Fred Stoll .... grip (uncredited)
 
Editorial Department
Maurice Pivar .... editorial supervisor (uncredited)
 
Music Department
W. Franke Harling .... composer: stock music (uncredited)
Gilbert Kurland .... music supervisor (uncredited)
Heinz Roemheld .... conductor (uncredited)
William Schiller .... orchestrator (uncredited)
 
Other crew
Carl Laemmle .... presenter
Carl Laemmle .... president: Universal Pictures Corp.
 
Crew verified as complete


Production CompaniesDistributors

Additional Details

Also Known As:
Runtime:
71 min
Country:
Language:
Aspect Ratio:
1.37 : 1 See more »
Sound Mix:
Mono (Western Electric Noiseless Recording Sound System)
Certification:
Australia:M (DVD rating) | Australia:PG (original rating) | Finland:K-16 | Germany:16 | Portugal:M/12 | Spain:13 | UK:PG | USA:Unrated | USA:Approved (PCA #3131-R: 17 February 1937 for re-release) | USA:TV-PG (TV rating) | USA:Approved (certificate not issued at release) | West Germany:16

Did You Know?

Trivia:
In order to achieve the effect that Claude Rains wasn't there when his character took off the bandages, the director had Rains dressed completely in black velvet and filmed him in front of a black velvet background.See more »
Goofs:
Factual errors: The pub in Iping has an American-style dartboard instead of the more elaborate British-style dartboard.See more »
Quotes:
[first lines]
Man in Pub:Did you hear about Mrs. Mason's little Willy? Sent him to school and found him buried ten-foot deep in a snow drift.
Man in Pub # 2:How did they get him out?
Man in Pub:Brought the fire engine 'round, put the hose pipe in, pumped it backwards and sucked him out.
See more »
Movie Connections:
Soundtrack:
Pop Goes the WeaselSee more »

FAQ

What is the music playing on Kemp's radio?
See more »
18 out of 19 people found the following review useful.
Works Very Well, 1 December 2004
Author: Snow Leopard from Ohio

This film version of the H.G. Wells science fiction classic works very well. It has a number of strengths, but it benefits most of all from James Whale's direction, creativity, and technical excellence. Both the flashier aspects of the movie (such as the "invisibility" effects) and also most of the basic elements are done with skill.

The story is for the most part based on the one main idea of "The Invisible Man" who combines his scientific genius with a generous supply of madness. The story is interesting enough in itself, and of course it provides all kinds of opportunities for visual tricks. Whale hits just the right balance in making good use of these opportunities without over-indulging himself.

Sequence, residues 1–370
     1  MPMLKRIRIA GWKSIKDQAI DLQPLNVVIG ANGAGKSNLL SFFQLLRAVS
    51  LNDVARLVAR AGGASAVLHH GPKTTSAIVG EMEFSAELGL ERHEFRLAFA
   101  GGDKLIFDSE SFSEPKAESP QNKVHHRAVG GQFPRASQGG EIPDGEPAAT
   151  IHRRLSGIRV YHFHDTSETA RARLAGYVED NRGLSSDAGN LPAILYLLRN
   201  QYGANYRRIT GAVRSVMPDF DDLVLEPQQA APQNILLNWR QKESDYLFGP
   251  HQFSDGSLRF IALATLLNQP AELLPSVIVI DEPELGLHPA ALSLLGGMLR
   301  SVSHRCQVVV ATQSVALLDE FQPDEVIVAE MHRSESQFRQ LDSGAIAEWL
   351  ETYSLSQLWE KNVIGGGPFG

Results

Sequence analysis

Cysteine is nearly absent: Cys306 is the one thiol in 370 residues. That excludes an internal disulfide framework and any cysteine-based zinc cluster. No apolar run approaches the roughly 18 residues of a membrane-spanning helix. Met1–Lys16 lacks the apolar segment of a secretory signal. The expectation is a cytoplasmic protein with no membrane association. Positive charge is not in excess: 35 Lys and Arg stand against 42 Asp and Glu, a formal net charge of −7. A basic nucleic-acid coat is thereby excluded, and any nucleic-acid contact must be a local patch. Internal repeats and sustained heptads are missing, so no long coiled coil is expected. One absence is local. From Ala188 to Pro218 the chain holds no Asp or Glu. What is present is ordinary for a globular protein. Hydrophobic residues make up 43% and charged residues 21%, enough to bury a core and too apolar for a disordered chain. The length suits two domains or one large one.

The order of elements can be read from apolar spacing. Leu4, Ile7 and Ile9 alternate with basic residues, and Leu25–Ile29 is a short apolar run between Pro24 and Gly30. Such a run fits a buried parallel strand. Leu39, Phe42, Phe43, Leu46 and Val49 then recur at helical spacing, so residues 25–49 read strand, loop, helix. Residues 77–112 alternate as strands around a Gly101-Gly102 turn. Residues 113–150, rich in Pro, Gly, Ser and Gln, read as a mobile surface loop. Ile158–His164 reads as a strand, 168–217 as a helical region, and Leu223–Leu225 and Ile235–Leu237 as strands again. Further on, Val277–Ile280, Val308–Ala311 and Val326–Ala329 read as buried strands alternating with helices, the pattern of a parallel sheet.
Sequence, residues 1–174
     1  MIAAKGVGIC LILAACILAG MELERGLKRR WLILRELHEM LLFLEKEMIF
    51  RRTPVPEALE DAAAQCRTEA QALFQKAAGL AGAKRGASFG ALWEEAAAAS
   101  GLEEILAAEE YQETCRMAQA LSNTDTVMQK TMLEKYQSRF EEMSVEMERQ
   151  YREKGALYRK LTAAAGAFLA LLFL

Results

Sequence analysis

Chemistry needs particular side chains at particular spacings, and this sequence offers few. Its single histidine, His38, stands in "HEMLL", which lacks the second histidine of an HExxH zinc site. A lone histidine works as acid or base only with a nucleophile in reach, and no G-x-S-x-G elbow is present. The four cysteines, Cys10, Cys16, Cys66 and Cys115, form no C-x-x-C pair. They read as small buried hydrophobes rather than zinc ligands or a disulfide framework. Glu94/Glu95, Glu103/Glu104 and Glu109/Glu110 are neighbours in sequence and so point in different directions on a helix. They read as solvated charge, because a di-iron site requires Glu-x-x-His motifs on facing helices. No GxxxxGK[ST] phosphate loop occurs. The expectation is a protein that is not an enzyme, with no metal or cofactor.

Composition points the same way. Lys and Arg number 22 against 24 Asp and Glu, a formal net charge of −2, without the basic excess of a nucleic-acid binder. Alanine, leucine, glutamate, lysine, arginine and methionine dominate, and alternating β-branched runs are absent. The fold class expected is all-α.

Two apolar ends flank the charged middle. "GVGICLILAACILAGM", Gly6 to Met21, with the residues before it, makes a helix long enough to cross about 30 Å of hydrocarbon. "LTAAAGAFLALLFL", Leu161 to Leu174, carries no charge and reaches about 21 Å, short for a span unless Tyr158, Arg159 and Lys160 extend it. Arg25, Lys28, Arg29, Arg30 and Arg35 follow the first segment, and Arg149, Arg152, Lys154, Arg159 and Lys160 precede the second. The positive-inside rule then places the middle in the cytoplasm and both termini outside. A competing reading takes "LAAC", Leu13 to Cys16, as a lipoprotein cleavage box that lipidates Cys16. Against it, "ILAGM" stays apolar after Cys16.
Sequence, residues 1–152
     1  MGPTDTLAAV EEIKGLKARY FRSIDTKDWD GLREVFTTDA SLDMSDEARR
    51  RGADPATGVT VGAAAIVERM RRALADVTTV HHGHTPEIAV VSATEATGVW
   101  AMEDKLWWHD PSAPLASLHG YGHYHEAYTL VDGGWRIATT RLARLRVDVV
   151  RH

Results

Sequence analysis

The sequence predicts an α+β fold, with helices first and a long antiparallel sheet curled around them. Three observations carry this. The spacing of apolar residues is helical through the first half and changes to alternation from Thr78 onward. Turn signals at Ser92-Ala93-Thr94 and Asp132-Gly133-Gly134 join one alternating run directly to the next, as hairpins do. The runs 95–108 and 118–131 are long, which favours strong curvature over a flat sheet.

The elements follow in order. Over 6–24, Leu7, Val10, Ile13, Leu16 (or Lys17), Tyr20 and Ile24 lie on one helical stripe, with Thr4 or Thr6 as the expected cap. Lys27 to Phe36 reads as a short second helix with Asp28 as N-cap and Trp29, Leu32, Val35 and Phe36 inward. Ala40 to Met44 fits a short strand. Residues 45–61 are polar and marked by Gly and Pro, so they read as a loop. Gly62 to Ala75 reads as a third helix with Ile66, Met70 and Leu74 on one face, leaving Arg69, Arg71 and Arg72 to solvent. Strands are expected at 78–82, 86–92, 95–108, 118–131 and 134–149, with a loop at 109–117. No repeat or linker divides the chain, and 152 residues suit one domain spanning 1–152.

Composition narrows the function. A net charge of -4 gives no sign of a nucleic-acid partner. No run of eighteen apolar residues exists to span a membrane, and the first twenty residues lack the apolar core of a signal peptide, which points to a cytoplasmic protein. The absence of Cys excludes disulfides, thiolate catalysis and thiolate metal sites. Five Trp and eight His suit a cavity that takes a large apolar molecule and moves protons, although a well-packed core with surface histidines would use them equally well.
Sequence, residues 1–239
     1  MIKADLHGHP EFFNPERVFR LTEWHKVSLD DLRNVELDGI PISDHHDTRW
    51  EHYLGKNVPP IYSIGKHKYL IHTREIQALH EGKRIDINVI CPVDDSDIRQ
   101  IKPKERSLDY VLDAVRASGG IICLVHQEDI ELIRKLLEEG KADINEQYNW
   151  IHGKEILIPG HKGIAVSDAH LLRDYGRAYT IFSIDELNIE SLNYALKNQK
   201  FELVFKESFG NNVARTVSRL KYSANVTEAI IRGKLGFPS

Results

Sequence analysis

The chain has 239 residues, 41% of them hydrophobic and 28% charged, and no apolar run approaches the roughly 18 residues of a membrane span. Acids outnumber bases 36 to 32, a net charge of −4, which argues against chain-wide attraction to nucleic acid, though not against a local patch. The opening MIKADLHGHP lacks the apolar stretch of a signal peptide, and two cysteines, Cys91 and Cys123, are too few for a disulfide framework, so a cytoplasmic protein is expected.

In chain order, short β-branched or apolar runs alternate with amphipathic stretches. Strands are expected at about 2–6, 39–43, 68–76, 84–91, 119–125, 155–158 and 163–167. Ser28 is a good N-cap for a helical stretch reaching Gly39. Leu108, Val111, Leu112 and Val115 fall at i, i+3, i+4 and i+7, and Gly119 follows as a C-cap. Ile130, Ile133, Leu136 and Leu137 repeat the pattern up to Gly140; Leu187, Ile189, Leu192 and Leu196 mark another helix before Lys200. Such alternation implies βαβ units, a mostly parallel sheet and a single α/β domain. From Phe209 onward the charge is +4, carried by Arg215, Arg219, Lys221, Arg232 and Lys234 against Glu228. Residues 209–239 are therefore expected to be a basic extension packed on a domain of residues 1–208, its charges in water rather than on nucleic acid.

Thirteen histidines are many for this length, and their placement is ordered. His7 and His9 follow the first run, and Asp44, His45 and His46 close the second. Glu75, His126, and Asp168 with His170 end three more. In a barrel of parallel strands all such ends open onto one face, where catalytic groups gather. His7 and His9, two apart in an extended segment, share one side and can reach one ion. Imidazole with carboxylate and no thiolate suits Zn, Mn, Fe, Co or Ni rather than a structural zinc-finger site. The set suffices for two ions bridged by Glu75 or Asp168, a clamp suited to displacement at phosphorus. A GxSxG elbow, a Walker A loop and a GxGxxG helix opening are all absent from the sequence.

The visual effects themselves are of excellent quality, and they are far better than all but the very best of the present-day computer imagery. While it is usually rather easy to spot which parts of a movie are computer-generated, Whale's effects are all but seamless, with the exception of a handful of brief moments. They are often quite impressive, without resorting to tired devices, such as explosions and the like, in order to impress those with shorter attention spans.

Claude Rains does quite well for having such limitations on what he could do. The rest of the cast is solid, if mostly unspectacular, letting the story do the work. Una O'Connor somewhat overdoes it with the screaming this time, but otherwise the characters are believable. The acting may seem slightly quaint to those who are accustomed to the pretentious styles of the present generation of performers, but it's certainly better than the grating, self-important performances in some of the recent movies of the same genre.

While the story does not have the thematic depth or the suggestive imagery of horror classics like "Frankenstein" or "Dracula", this adaptation gets everything it can out of the material, telling the story in an entertaining fashion and with technical skill.

Was the above review useful to you?
See more (150 total) »

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remake, anyone? aiyhsa1986
Staring Lon Chaney Jr? SnicketySlice
Naked Invisible Man Jef2187
I watched this last night on Netflix.... Tedakin
bad acting stephen-young13
DVD Release Question srh1son